Sicilian Boat Builder Livrea Harnesses Robotic Additive Manufacturing to Build World’s First 3D Printed Yacht

Categories: Sustainability in PD&M

Livrea, an Italian based start-up founded by two Sicilian boat builders, has made a major step on its quest to build the world’s first 3D printed racing yacht with the manufacturing of its largest single component to date, which will be shown this week at RAPID at the SABIC booth #2537.

Livrea co-founders Daniele Cevola and Francesco Belvisi wanted to explore how emerging technologies and production methods could take racing yachts to the next level while simultaneously reducing the time and cost traditionally associated with hand crafted boat building.

Working with Autodesk’s advanced research team, the founders have gone from drawing designs by hand to 3D modeling in the Cloud using Autodesk Fusion 360 software. They are then harnessing the power of additive manufacturing and 3D printing the yacht’s hull with advanced, multi-material, polymer composites.

First example of large scale multi-materials printing to manufacture a high-performance racing boat.

The new design and manufacturing process has cut production times from months down to hours, while also saving the company money on materials and cutting back on waste. This new process also allows Livrea to lightweight components and continue to test new materials, which will be crucial for their first yacht to be competitive in any future races. Finally, the process also allows Livrea to create complex curvature that improves hull performance, which would not be possible when building with wood and using more traditional manufacturing methods.

“Our passion was to continue the great tradition of Sicilian boat building by taking boat design and manufacturing to the next level,” says Daniele Cevola, co-founder of Livrea. “By moving to Cloud design, robotic additive manufacturing and new advanced materials, we have been able to make huge steps in achieving our goal of having what we believe will be the world’s first fully 3D printed yacht.”

The project is one of the first industrial examples of the large-format, multi-function robotic additive manufacturing systems in development by Autodesk’s advanced research team. The system leverages advanced motion control and machine vision to synchronize robotic and extruder manufacturing. This research aims to unlock the power of machine learning, robotic guided vision systems and additive manufacturing and advanced materials with new “free-form” material layup strategies. The connection of machine learning with vision systems also opens up the ability to do in-process monitoring and learning.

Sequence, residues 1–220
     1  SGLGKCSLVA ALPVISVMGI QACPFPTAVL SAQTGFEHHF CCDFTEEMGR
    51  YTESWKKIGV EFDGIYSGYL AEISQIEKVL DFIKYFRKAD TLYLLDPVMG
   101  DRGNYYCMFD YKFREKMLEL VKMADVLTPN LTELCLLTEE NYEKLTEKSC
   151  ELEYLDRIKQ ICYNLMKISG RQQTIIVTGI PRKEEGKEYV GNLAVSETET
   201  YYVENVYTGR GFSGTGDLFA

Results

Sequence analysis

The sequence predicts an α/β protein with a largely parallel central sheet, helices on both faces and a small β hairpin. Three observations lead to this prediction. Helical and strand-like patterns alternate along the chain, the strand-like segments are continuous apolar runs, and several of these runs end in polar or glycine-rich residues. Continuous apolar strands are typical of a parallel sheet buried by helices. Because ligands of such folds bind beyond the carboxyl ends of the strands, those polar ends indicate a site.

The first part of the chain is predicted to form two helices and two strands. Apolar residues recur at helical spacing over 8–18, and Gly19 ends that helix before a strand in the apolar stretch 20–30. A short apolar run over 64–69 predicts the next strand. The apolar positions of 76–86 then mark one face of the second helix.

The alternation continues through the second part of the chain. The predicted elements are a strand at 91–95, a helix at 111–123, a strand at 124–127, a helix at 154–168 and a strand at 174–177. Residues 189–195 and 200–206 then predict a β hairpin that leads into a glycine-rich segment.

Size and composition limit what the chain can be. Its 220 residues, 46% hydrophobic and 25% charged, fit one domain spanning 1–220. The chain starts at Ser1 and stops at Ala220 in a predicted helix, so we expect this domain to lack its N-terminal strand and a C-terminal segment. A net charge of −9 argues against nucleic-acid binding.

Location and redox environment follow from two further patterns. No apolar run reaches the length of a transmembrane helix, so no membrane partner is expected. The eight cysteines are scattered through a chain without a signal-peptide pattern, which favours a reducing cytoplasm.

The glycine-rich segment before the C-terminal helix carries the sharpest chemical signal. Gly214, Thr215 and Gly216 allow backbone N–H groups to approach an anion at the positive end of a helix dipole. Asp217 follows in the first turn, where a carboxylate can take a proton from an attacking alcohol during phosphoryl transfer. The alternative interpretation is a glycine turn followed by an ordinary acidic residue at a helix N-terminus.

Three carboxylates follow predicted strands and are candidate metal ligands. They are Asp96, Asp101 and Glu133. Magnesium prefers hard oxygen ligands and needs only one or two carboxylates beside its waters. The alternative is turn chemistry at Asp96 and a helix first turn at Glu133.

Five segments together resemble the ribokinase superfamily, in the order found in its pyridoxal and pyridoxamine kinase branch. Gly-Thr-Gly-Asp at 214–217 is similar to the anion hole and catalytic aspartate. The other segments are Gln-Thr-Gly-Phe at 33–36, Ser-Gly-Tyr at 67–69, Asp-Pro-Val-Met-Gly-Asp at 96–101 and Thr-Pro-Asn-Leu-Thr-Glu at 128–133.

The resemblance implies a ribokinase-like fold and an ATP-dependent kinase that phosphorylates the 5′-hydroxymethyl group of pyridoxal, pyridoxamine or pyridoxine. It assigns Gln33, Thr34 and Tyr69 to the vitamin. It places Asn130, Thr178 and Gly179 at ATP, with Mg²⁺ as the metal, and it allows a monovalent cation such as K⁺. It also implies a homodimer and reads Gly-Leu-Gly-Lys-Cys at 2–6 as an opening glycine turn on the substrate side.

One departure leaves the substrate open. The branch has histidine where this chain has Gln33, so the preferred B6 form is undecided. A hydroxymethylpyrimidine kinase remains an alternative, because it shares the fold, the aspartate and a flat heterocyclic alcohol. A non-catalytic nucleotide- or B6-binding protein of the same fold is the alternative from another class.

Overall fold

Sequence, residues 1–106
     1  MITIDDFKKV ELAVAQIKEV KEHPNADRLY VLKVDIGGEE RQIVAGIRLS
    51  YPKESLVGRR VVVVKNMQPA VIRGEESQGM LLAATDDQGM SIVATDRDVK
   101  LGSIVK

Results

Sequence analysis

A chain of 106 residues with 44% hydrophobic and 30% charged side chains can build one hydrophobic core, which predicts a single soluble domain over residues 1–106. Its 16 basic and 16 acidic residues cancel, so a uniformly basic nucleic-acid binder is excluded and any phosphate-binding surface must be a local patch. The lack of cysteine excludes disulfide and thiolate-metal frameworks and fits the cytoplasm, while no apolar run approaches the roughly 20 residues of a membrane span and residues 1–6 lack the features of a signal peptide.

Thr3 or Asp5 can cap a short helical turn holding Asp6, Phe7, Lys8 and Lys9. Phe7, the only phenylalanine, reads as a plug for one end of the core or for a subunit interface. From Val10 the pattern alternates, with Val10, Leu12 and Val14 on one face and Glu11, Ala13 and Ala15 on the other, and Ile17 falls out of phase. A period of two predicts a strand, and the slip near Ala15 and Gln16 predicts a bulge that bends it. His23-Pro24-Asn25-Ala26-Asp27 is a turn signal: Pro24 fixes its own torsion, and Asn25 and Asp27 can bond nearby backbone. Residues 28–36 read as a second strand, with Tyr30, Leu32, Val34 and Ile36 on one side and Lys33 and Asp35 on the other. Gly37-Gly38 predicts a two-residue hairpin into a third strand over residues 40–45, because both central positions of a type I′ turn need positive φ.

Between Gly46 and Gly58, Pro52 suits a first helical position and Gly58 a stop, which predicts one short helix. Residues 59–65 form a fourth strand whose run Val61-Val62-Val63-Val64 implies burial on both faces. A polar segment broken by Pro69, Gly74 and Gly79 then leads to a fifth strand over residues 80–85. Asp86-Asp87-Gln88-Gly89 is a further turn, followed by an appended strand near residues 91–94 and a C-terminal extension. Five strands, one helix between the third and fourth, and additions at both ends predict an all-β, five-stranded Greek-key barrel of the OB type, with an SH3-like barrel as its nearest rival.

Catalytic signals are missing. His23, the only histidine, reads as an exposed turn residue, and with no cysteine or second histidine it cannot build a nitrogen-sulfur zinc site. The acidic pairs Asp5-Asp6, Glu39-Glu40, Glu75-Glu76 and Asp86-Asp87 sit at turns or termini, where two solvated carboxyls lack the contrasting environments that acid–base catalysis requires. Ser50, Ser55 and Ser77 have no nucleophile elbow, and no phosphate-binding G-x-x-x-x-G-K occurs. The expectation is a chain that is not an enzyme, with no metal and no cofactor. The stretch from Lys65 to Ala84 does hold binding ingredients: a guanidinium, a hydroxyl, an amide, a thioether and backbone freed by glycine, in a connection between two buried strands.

Of course, in order to print components of this size and with these new materials, a specialized 3D printer was needed. That’s when Autodesk turned to partner SABIC, a global leader in thermoplastic technology. Working collaboratively with Autodesk and Livrea, processing experts at SABIC used the company’s Big Area Additive Manufacturing (BAAM®) machine to print the hull components using two materials from SABIC’s THERMOCOMP™ AM portfolio: carbon fiber reinforced PPE compound for the hull’s outer layer, and carbon fiber reinforced PEI for the inner lattice support structure.

Large-scale additive manufacturing and advanced polymer materials disrupt the design and manufacturing of parts for the marine industry.

“Livrea is a great example of a company that is committed to exploring the future of making things and shaking up its industry,” says Massimiliano Moruzzi, senior principal research scientist at Autodesk. “Together with SABIC, we are using the very latest in advanced manufacturing techniques and materials to demonstrate what is possible in the here and now. Autodesk is honored to help Livrea on its quest to manufacture the world’s first 3D printed yacht and we look forward to seeing how these new processes influence other industries moving forward.”

Livrea plans to have its 3D printed yacht complete in time to race at the 2019 Mini Transat, a solo transatlantic race that typically starts in France and ends in Brazil covering over 4,000 miles.

To see the additively manufactured parts up close and to learn more about the project, visit an Autodesk representative at SABIC booth #2537.

THERMOCOMP is a trademark of SABIC. BAAM is a registered trademark of Cincinnati Incorporated.